• I live in N. Orange County and commute to the Whittier area. 30-45 min commute depending on the traffic du jour. There are OK places in Anaheim, Orange, Fullerton, Brea, North Santa Ana that you could consider. With a better job scene in Orange County, the morning commute on I5 is worse coming into OC than leaving it. And that’s with all the construction on the I5 from the border the 605. That will be done in a couple of years. 2/3 of my drive is in OC and half the time is spent in LA Co. My drive is about 22 to 25 miles depending on the route. When the construction is over, I’ll get a big break as to picking a single route that usually works. Commerce is about 5-10 miles beyond the 605, right? The Citadel is right on I5. I know people who live in Sunland and I don’t think their area is as nice as mine.

      • “the I5 from the border the 605.” should read “the I5 from the border TO the 605.”

      • manbearpig4lfe

        Yes, I work off Eastern Ave so I would probably exit near the Citadel outlets. Right now I commute from Hollywood and each day I take more and more side roads just to avoid that parking lot that is Route 101. I would say a good day I get home in 45 minutes, a bad day 1 hour 15 minutes. Getting to work is always pretty easy, maybe 40 minutes tops.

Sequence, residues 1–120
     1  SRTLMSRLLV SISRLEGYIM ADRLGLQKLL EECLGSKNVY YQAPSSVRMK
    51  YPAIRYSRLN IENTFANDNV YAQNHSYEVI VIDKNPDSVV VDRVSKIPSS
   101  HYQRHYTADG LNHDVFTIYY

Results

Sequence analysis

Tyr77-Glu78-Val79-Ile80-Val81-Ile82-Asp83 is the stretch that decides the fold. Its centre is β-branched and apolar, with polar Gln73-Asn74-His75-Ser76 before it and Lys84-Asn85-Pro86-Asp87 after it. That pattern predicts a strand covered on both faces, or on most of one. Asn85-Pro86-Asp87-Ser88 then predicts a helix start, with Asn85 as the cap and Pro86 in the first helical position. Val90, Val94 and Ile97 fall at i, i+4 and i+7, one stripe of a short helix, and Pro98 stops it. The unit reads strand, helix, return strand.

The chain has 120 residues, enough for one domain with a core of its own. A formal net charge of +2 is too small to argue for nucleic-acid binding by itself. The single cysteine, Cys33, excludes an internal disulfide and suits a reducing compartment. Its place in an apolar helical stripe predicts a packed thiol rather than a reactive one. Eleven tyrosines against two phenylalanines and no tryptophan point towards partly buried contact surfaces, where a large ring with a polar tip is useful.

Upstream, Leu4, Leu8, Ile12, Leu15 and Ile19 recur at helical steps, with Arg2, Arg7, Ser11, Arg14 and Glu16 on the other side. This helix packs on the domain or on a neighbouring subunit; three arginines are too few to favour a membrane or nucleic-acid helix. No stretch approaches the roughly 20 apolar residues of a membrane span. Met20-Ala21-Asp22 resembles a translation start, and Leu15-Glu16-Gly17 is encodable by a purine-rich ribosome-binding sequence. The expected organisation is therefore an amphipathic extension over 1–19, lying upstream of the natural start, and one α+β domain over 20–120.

Hollywood wears off quick, everyone is trying to out-do each other with cars, drinks, fancy apartments. Most of my friends live paycheck to paycheck and have admitted that to me. It gets exhausting hanging out with a bunch of nobodies who think they are somebodies.

    • I would increase my budget a little, and buy this torrance prop:

      That is a sketchy part of Torrance, but better than Sunland. And, it is improving. It is better to be on the other side of Western, but the prices jump. This could be the perfect starter.

      Quiet street, big lot, Torrance PO. In the mid 400s. Buy, Buy, Buy.

    • Actually, Tujunga-Sunland area is a great place to look. It, very quickly is going from a meth-biker town to the next Eagle Rock. Already there are large sections that are ‘done’ – (the secret is out and the prices are high.) – like the Crystal View area. But there are still sections that are ripe for a great buy. The area is still a secret to a lot of people (not the Armenians in glendale — they figured it out) Any day now some LA Curbed article is going to talk about it being the next Eagle Rock and then… it’s too late.